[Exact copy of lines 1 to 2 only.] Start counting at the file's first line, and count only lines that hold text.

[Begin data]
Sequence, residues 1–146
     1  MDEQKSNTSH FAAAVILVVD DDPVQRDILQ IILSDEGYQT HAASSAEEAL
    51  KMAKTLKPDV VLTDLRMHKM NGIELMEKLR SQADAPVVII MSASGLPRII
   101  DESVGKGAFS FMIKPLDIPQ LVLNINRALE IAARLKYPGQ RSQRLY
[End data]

Sequence, residues 1–146
     1  MDEQKSNTSH FAAAVILVVD DDPVQRDILQ IILSDEGYQT HAASSAEEAL